The index assesses wellbeing across seven core ‘domains’: relationships; achieving in life; standard of living; health; community connectedness; personal safety; and future security. Its methodology has helped inform the development of the CSV framework, which goes a step further in putting a monetary value on Australian Unity’s contribution to community wellbeing. 

While the calculation parameters vary across Australian Unity’s different products and services, the emphasis is on the ‘unique’ value created. For example, the social impact value of the private hospitals developed and maintained via the Australian Unity Healthcare Property Trust is arrived at via a formula which considers the saving to government per new hospital bed. 

Specific discount factors are applied to ensure Australian Unity only claims for the value it creates that would not otherwise be there. 

Having a well-defined strategic measurement has transformed the organisation’s decision making, Vise says. When assessing potential investments, the group places similar importance on how much community and social value they will create as the financial value they might generate.

“We found that you create financial value typically where you are creating value for your stakeholders: they’ll pay you more, they’re more likely to keep using you, your business becomes more sustainable and more profitable to the community you’re in.”

Australian Unity’s biggest contribution to community wellbeing comes from providing better access to healthcare, generating $802 million in social impact value in FY23 through initiatives such as Home Health, which delivers integrated home and health services for older Australians living independently or requiring care at home.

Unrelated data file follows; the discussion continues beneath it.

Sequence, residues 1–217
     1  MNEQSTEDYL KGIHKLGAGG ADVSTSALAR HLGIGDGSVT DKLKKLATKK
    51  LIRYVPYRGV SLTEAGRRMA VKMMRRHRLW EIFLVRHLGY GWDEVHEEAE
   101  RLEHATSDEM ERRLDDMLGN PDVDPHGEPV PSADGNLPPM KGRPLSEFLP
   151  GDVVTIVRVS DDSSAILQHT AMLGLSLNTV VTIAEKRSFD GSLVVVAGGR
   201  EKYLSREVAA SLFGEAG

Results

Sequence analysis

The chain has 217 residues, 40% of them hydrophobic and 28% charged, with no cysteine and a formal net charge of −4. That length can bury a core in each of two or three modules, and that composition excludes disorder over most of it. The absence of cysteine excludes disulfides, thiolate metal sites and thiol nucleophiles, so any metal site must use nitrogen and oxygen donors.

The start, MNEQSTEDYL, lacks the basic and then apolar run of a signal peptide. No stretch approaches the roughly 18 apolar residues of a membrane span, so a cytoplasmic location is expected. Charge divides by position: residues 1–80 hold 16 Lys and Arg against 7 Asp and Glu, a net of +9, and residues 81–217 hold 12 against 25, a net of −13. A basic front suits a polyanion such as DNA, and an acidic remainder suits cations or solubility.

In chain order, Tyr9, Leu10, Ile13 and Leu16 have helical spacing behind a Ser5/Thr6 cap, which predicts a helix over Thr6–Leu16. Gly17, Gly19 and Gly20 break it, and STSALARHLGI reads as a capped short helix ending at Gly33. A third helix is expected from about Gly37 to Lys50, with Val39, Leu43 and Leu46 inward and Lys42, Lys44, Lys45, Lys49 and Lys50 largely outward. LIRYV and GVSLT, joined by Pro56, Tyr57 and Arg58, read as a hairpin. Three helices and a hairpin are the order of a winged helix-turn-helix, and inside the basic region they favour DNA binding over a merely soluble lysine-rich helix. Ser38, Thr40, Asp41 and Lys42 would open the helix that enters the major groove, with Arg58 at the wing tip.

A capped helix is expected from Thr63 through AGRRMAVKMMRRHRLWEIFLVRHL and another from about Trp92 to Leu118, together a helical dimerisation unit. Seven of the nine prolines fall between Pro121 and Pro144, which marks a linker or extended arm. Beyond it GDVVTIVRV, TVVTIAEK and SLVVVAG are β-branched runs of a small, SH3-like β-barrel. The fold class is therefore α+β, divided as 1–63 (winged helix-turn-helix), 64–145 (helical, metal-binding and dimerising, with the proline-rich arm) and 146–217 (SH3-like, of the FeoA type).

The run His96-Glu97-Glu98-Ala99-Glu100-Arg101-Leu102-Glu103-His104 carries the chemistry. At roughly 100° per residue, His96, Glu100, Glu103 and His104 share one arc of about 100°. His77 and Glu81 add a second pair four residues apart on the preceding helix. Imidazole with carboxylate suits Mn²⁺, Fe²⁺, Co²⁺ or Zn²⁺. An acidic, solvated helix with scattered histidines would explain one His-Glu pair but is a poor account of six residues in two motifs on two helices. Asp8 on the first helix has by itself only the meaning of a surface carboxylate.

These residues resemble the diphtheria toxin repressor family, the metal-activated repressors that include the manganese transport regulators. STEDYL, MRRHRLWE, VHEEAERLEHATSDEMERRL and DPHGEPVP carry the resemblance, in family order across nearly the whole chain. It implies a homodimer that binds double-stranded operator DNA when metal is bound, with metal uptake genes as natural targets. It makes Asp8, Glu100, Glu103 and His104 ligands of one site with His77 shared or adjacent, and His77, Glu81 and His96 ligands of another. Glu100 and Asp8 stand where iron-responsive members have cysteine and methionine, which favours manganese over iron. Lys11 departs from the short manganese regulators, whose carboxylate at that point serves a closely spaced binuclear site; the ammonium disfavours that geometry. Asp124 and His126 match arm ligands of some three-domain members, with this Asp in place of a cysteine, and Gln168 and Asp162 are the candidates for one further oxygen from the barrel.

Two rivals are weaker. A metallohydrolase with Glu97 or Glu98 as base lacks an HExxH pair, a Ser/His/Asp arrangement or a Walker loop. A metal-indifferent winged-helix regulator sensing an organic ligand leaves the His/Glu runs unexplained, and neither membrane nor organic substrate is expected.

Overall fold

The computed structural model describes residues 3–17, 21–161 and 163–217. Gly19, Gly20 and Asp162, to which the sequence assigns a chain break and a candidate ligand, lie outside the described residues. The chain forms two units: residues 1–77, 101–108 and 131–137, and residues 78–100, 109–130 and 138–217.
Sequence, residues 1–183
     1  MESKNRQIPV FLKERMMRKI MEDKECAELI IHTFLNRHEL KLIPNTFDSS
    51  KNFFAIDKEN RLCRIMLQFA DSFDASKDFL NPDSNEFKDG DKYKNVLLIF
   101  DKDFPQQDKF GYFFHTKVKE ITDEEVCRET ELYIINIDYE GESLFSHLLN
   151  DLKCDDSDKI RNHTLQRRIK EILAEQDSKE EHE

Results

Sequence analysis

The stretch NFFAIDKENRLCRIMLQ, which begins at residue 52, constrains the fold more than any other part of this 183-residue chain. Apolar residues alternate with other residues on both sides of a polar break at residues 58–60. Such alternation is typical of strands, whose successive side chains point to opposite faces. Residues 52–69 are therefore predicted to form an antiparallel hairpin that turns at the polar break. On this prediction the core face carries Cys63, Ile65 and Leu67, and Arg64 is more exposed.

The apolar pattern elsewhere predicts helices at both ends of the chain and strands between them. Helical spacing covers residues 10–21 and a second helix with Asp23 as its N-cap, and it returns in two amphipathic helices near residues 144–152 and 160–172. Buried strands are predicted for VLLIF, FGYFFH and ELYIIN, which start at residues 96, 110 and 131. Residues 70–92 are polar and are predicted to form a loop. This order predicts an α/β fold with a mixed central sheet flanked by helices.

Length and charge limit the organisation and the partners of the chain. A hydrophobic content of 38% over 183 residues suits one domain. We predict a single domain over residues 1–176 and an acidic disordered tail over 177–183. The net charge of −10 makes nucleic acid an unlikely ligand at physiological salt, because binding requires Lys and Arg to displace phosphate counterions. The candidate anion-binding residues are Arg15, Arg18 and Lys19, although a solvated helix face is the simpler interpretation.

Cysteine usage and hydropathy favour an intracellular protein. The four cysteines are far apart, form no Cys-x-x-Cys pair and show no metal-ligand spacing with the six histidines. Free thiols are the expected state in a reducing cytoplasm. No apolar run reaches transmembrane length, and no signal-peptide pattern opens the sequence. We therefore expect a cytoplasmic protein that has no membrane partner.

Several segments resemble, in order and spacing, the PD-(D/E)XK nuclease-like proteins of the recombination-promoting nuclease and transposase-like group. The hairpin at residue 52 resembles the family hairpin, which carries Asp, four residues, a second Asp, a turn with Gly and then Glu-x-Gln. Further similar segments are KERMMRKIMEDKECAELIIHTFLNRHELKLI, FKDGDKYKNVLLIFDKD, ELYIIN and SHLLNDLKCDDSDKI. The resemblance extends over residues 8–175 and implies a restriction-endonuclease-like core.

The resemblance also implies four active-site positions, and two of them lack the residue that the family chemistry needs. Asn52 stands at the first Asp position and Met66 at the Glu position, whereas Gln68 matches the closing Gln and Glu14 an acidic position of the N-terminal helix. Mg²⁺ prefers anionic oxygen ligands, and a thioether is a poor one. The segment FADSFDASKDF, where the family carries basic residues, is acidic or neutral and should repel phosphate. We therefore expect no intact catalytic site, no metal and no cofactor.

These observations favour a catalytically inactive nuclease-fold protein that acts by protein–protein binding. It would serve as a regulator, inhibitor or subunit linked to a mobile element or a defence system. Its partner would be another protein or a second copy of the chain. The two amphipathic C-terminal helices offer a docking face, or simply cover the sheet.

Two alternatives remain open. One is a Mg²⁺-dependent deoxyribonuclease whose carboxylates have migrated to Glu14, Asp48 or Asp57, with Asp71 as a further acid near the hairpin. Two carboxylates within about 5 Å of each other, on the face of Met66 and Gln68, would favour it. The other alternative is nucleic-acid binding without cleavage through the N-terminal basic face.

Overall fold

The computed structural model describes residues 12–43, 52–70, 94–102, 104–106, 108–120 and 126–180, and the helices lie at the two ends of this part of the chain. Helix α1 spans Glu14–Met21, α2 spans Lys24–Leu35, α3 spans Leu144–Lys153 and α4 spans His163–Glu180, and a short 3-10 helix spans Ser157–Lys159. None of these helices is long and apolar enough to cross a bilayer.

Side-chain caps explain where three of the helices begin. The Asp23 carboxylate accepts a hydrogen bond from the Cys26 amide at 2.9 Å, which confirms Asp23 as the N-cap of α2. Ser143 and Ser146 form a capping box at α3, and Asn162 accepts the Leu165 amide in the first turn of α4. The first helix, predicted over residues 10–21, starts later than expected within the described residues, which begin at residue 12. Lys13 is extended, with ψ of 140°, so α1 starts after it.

The group also creates social value through its investment in student accommodation, childcare facilities and retirement communities, as well as supporting financial resilience with its broad range of investment products. 

"Over a long period of time, Australian Unity has built up a well-deserved reputation as an innovator in driving community and social value and has risen to the challenge of reporting a combined social metric,” says Siobhan Toohill, Westpac’s chief sustainability officer. 

The sustainability-linked loan with Westpac is the first of its kind in Australia, says Australian Unity’s chief financial officer Darren Mann. Its reputation in this field has been recognised in the group being named by the Australian Financial Review as a sustainability leader for two years running.

Australian Unity CFO Darren Mann. (Supplied)

Mann’s hope is that the transaction with Westpac opens the door to more loans tied to social impact, because at a time when cost of living pressures are impacting on the wellbeing of Australians across the country, it’s never been more important for organisations to consider their broader contribution to society. 

The sustainability-linked loan with Westpac emerged out of a broader Sustainability-Linked Financing framework the bank helped Australian Unity put together, which both sides hope can form the basis for further transactions.

“Australian Unity and Westpac have laid the first brick in the road of a wellbeing capital market – completely private sector, completely commercial, and completely scalable at delivering social value,” says Vise.

“There’s an opportunity for capital to flood into this, just as it is to the clean energy transition.”

James Thornhill was appointed as editor of Westpac Wire in May 2022. Prior to joining the bank, he was a business and financial journalist with more than two decades of experience with international newswires. Most recently, he was a resources correspondent for Bloomberg, covering the mining and energy sectors, and previously reported on a broad range of topics from economics and politics to currency and bond markets. Originally from the UK, he’s had stints working in London, New York and Singapore, but is now happily settled in Sydney.